GTDC Panel: Distribution Taking Ever-Changing Challenges Head-On

Whether it’s new investments, supply chain constraints or the move to Everything as a Service, distributors have the resilience to shift their business to better serve their partner communities, according to a panel of distribution executives at the GTDC Forum 2021.

Distribution: Thriving In The Face Of Adversity

Distribution is going through a wide range of changes, whether it’s outside money coming in to shake up the industry—think of the merger of Tech Data and Synnex to form TD Synnex or Platinum Equity's purchase of Ingram Micro—or whether it’s events such as the COVID-19 coronavirus pandemic or supply chain constraints. The challenges in 2021 have been particularly high.

Change was a key theme for a panel of distributor executives held this week as part of the GTDC Forum 2021 conference. The panel, sponsored by the Global Technology Distribution Council, saw GTDC CEO Frank Vitagliano discuss key issues with Rich Hume, CEO of Fremont, Calif.-based TD Synnex; Paul Bay, executive vice president and president of global technology solutions at Irvine, Calif.-based Ingram Micro; and Alessandro Cattani, CEO of Vimercate, Italy-based Esprinet. On the table was the changing face of investment in distribution and how distributors changed—and are changing—in the face of the pandemic, supply chain constraints and more.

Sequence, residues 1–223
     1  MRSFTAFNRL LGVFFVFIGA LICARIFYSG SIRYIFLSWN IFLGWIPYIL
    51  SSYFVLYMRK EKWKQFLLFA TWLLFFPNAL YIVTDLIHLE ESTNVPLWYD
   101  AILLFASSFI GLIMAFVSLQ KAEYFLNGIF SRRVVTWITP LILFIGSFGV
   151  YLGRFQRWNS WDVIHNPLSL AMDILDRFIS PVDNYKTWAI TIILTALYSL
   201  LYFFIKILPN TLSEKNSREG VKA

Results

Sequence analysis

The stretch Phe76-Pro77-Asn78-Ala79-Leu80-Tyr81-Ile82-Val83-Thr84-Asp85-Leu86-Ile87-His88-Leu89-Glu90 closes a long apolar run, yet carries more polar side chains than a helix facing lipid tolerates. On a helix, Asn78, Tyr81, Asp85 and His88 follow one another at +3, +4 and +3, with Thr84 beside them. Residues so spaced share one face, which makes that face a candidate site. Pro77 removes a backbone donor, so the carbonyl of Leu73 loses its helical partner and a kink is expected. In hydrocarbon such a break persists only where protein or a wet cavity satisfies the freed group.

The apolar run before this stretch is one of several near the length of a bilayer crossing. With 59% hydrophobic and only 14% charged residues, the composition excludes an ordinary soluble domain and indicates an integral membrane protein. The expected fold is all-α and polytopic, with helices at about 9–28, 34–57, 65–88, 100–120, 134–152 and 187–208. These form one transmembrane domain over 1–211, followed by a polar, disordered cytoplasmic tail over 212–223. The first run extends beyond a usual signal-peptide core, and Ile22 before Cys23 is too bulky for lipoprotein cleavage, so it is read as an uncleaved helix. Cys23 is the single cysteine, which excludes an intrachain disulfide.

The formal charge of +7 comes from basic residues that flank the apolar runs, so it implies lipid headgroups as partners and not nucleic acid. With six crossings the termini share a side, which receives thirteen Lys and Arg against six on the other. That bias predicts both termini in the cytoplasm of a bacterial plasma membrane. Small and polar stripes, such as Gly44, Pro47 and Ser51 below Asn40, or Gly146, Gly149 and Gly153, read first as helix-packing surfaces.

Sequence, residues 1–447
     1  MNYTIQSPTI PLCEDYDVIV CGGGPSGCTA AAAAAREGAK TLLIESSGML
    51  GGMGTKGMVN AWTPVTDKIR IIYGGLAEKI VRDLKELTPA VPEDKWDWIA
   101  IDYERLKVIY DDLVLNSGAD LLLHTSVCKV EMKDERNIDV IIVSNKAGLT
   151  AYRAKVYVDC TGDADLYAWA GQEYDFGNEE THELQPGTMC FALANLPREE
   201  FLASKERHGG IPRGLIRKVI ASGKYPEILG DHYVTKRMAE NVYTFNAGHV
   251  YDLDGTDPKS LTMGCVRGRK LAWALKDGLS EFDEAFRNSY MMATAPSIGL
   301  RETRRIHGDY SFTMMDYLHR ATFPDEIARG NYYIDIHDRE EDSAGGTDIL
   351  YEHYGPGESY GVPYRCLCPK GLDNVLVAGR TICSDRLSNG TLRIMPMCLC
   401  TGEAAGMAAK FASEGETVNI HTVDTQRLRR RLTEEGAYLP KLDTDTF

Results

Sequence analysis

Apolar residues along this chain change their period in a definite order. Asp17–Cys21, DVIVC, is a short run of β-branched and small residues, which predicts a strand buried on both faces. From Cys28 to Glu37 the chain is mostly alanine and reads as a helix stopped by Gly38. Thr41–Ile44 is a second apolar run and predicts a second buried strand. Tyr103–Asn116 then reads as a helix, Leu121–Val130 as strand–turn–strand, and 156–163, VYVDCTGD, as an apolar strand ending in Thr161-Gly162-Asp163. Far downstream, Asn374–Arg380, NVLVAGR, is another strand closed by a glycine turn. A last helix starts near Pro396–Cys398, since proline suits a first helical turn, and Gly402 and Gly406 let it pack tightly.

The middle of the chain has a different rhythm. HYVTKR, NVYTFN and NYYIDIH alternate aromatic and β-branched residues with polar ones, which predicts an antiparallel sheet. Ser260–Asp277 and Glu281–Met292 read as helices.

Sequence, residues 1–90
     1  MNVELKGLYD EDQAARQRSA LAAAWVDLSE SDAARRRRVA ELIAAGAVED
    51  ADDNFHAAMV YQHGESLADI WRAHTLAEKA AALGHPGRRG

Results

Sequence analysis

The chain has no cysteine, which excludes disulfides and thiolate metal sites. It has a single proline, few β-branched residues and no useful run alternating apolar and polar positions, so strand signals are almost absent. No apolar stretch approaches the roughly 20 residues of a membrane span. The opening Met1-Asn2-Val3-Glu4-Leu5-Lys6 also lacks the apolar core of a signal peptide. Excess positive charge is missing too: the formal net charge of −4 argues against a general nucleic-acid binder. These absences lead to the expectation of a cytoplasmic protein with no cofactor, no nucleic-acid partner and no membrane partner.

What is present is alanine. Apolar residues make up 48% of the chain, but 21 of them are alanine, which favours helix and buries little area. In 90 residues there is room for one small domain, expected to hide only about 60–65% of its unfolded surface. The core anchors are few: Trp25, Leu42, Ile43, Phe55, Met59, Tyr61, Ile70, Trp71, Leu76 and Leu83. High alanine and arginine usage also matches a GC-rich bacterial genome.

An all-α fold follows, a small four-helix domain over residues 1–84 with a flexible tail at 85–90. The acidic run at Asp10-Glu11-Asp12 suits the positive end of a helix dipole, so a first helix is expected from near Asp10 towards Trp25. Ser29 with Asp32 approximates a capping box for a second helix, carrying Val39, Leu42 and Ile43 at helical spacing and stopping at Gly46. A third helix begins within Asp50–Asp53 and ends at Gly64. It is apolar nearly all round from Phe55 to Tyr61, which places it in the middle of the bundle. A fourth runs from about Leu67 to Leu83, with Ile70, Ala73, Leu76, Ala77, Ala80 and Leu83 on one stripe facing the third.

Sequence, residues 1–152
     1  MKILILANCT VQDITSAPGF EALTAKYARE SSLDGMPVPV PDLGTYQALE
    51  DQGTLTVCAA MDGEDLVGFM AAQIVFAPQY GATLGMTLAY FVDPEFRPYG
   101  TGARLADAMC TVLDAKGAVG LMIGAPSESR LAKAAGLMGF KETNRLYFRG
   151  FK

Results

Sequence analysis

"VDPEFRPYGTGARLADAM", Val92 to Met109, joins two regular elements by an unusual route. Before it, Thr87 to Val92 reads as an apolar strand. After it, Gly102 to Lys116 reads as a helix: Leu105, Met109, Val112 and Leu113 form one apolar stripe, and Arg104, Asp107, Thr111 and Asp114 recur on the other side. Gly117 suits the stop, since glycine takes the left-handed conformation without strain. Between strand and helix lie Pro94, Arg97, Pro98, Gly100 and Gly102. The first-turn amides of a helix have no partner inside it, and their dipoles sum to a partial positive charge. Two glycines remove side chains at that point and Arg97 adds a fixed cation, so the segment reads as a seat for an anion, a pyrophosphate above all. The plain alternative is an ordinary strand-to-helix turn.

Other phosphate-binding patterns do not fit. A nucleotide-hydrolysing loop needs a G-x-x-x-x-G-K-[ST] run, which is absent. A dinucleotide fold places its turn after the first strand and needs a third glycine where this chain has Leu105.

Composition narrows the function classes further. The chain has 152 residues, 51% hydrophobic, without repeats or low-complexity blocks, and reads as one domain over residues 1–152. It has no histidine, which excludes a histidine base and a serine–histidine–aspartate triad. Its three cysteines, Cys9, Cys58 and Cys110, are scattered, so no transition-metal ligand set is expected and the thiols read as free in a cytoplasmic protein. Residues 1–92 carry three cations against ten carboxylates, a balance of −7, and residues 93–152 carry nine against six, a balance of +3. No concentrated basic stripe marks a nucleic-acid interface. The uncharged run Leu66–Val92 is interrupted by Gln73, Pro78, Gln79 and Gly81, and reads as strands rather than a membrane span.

Here’s what the panel had to say about the future of distribution and what it means for the solution provider community.

Investment Activity Yielding Channel Benefits

TD Synnex‘s Hume said the amount of investment activity in the distribution industry, such as the merger of Tech Data and Synnex to form his company TD Synnex or the Exclusive Networks IPO is very healthy for this part of the IT business.

“[Investors are] more informed relative to the vital link that we play in the entire overall IT supply chain,” he said. ”They understand the value that we bring to the market. And, in addition to that, as they take a closer look at us, they find out that we‘ve run great businesses and provide a lot of value for our shareholders as well.”

From the vendor side, Hume said, other trends are emerging where continued investment is important.

For instance, he cited the fact that a lot of distributors have invested in cloud, as-a- service and other platforms, which means the old ways of vendors focusing on building markets from a specific country perspective have given way to a global focus that distributors can provide.